OK, so after the success of the first album and the subsequent many tours, time came for the second album. This was a difficult time. The pressure was on. During touring at sound checks, as with most bands, you kick around ideas. Some to be built on, others to be discarded. So when we returned from Japan we went straight in to the rehearsal room to make something from the sound check ideas and write new material.
This is where the trouble started. I started to feel isolated, other members of the band had obviously met up and banged out a few ideas. This was fine, there’s always a couple of songwriters/ideas makers in bands. You bring an idea to the room and you work it together. But what happened was the songs came to the rehearsal room and with no time at all I was expected to have my part finished within an hour. With no guidance or interaction from the rest of the band.
This is when the piss-taking and little digs started. I won’t go in to details but it lasted a while. This knocks your confidence. This makes you question your ability. This makes you feel worthless. I started to turn up to rehearsals with a feeling of dread. You start to make mistakes which make the situation worse. Your creativity has been sucked dry due to the way you are made to feel. It came as no surprise that one day, when two of the band sat me down and told me I had ‘left the band’.
Looking back, the only emotion I can remember feeling was a huge wave of relief. Knowing that I didn’t have to endure the piss taking and digs anymore. As you say in John Robb’s book, my playing was seen as ‘limited’. This was the reasons why, they did this, it was their making.
Just for the record, this is me being honest and not bitter. I was and am over what had happened and was playing in another band within a few months.
How did you recover? Did you go on to form Polanski? Were you in other bands before Polanski?
So for a few years after The Charlatans, I played in a band called Spin Playground, then Solo 70, who subsequently became Polanski. Polanski nearly made it. We had a self-financed single out. We toured a lot and got national radio play. Then one member bailed out. End of Polanski.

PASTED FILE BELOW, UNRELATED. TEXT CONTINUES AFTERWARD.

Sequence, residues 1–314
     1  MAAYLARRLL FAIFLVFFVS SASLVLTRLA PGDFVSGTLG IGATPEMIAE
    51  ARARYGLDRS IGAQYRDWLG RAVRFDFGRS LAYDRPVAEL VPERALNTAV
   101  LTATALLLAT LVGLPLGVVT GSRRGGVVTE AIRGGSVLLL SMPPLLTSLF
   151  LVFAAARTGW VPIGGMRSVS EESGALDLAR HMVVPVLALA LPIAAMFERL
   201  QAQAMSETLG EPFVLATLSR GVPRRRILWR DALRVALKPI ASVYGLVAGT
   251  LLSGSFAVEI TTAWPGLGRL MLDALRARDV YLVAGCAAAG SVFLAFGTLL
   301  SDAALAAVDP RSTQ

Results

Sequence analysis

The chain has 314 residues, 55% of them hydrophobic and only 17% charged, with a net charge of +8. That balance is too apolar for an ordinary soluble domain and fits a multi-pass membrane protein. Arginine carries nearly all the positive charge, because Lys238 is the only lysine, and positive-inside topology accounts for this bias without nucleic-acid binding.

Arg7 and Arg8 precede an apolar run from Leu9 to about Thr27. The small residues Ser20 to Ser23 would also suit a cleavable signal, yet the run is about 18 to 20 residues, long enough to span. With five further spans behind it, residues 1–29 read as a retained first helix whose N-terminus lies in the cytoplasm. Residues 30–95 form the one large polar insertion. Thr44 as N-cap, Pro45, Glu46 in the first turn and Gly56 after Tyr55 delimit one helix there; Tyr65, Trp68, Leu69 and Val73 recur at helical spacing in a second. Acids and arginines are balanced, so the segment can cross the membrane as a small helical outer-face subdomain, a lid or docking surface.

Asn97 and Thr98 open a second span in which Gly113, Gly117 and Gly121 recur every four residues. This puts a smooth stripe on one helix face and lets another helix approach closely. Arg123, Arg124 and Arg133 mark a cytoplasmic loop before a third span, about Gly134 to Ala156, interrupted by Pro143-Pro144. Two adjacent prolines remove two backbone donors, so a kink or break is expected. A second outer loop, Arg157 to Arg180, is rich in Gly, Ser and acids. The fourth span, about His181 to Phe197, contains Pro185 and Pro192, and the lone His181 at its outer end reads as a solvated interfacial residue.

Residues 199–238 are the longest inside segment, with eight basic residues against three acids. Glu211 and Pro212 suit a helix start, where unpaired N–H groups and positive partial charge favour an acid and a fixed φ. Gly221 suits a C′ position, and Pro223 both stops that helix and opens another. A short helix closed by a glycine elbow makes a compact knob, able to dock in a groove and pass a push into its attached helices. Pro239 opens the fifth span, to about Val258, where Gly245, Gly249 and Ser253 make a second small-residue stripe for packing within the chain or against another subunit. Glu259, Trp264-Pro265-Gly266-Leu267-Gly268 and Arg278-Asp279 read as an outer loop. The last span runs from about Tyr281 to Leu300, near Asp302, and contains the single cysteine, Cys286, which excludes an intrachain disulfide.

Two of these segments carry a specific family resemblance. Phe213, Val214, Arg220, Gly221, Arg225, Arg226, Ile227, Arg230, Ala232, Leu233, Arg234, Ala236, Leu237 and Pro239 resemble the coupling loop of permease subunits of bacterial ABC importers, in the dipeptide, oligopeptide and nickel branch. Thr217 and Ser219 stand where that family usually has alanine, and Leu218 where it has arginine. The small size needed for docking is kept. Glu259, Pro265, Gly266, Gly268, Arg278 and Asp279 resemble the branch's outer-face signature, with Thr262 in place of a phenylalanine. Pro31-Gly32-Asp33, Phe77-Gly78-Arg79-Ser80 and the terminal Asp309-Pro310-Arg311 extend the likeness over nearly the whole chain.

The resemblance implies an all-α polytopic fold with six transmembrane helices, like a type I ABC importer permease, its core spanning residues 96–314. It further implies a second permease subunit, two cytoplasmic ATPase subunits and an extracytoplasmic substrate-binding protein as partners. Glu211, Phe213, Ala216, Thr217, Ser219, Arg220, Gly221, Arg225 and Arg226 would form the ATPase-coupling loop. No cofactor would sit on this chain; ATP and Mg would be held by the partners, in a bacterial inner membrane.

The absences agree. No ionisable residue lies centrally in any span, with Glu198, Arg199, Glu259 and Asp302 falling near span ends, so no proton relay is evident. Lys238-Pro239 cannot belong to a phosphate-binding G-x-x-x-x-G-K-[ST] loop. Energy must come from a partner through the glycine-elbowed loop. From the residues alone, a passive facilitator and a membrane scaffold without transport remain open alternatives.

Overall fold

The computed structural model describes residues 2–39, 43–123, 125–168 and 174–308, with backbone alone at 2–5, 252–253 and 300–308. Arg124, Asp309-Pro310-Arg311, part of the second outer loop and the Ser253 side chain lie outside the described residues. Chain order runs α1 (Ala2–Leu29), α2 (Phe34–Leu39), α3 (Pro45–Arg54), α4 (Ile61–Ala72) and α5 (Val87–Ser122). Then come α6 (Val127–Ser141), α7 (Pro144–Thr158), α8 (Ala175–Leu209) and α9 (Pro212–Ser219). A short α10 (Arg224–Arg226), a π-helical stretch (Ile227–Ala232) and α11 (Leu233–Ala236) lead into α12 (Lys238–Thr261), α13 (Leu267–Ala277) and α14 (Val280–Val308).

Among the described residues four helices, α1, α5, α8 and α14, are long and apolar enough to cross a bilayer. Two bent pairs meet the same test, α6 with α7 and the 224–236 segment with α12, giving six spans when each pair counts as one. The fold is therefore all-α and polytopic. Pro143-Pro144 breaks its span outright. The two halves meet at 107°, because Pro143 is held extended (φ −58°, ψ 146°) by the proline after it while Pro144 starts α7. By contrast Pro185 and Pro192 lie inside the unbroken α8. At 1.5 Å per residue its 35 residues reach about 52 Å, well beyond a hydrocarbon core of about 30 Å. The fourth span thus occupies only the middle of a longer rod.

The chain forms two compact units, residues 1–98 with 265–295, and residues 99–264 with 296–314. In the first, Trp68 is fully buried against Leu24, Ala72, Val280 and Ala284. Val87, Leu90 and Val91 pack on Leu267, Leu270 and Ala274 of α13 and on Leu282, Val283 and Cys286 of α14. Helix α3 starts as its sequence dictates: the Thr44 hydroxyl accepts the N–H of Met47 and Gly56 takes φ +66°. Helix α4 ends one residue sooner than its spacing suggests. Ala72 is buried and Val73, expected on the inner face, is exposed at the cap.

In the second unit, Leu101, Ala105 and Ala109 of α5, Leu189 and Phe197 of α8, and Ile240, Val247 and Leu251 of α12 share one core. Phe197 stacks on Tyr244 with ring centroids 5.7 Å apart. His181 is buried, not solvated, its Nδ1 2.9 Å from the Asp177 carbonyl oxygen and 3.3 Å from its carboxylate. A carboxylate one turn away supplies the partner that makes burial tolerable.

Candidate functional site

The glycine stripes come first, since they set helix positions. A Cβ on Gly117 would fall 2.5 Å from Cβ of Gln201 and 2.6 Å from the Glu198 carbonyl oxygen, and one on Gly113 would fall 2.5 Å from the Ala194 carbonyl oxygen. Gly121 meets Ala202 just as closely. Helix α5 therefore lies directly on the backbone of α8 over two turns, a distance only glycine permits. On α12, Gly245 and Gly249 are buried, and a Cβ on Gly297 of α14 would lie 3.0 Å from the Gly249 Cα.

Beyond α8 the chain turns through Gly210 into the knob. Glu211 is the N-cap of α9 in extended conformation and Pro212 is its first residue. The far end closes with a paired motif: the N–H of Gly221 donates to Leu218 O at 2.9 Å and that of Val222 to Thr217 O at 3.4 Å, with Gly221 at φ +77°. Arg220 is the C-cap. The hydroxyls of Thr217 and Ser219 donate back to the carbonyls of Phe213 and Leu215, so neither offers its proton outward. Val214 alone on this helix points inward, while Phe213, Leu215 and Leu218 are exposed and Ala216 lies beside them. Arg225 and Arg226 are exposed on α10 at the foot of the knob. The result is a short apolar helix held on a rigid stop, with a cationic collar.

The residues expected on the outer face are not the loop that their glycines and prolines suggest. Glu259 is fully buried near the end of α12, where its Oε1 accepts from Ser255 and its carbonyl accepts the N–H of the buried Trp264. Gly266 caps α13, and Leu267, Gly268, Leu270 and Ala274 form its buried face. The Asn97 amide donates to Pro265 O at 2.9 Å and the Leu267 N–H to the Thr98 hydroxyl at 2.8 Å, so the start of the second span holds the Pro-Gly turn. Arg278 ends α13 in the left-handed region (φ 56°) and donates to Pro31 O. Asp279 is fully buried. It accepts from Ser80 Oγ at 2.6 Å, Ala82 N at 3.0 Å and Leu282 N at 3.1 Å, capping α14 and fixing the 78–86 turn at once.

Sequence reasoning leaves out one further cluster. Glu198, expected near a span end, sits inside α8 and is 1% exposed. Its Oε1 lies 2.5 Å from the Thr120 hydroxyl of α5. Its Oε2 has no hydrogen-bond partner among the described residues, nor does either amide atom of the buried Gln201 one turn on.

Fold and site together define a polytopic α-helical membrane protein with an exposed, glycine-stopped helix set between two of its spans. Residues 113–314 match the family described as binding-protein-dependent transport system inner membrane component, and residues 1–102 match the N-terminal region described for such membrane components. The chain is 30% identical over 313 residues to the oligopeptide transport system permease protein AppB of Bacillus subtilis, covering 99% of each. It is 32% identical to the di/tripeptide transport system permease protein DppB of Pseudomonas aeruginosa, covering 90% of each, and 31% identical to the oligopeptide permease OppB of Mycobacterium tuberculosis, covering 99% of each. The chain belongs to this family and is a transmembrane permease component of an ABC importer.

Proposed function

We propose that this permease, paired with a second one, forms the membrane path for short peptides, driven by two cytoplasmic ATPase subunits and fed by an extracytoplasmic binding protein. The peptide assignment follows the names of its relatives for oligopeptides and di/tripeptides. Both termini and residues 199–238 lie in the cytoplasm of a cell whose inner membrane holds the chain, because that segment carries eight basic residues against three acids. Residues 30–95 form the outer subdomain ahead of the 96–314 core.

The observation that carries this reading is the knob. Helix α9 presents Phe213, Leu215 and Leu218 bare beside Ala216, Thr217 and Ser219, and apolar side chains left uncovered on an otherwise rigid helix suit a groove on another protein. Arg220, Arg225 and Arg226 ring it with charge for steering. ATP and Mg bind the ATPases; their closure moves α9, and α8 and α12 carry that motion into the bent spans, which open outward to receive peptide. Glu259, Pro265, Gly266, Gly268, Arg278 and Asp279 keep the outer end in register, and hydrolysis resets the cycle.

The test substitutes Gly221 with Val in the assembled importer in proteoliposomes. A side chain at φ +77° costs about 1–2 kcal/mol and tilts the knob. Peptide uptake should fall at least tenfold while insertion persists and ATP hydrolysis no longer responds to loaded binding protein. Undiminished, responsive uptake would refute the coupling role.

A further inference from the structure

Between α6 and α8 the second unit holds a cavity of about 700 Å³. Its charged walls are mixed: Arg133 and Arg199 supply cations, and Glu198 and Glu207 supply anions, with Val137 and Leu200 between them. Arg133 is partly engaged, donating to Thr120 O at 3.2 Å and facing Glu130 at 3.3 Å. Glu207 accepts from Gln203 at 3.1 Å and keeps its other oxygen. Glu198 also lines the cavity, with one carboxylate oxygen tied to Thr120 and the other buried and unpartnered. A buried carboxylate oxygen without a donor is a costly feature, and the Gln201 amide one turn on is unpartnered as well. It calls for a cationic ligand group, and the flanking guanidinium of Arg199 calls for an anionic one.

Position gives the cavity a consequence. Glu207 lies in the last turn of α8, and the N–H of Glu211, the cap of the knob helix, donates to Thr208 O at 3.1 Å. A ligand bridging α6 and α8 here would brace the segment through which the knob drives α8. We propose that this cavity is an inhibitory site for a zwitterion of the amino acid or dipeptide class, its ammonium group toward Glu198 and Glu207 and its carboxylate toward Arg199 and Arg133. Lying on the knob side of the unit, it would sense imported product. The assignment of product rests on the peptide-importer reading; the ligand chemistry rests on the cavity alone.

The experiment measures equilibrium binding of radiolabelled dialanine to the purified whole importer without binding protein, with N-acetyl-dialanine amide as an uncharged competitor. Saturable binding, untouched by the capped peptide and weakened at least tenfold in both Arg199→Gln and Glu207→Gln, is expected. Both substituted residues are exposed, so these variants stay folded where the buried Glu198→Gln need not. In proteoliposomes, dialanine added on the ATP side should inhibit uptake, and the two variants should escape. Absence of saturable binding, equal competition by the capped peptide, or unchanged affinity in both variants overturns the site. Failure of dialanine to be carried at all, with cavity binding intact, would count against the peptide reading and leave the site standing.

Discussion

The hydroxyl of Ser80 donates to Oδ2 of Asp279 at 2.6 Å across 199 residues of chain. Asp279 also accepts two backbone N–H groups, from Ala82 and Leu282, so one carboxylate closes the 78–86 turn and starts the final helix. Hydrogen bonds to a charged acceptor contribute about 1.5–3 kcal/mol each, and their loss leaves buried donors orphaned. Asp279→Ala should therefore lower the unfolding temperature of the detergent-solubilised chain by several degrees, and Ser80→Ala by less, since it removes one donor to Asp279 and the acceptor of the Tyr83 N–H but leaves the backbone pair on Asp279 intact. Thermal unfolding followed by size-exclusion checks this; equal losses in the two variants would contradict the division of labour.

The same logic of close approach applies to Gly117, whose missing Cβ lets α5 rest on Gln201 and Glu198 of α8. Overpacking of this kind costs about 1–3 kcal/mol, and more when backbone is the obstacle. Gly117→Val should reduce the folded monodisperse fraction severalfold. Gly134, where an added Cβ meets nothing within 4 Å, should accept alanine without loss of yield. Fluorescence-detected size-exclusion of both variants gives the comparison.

What was your reaction to Rob’s sudden passing? Were you still in contact with him at this time? Were you in contact with John Brookes (The Charlatans original drummer) before he passed away?
I never got to see Rob before he passed away, so I didn’t get chance to tell him not to worry about what happened between me and the band. There are no regrets regarding my time with the band. I would see Jon once or twice a year. He was still living in the West Midlands and we would bump in to each other in the supermarket or somewhere else equally mundane and have a giggle about stuff we’d got up to back in the early days. Jon was a very sweet human being.
Finally, What are you up to now? Are you still playing guitar?
As for the now. I still play but purely for my own pleasure. I am working on something at the moment but whether it comes to something is another matter. It’s just a bunch of stuff in my head that I might try and record to get it out of my system. Preliminary called ‘Central-Audio-Thrill’ We’ll see what happens. Maybe. On top of that, I’ve been involved in vintage clothing for about 15 years. Selling all over the country and at music festivals. http://kinky-melon.co.uk/
More writing by Matt can be found at his Louther Than War’s author archive.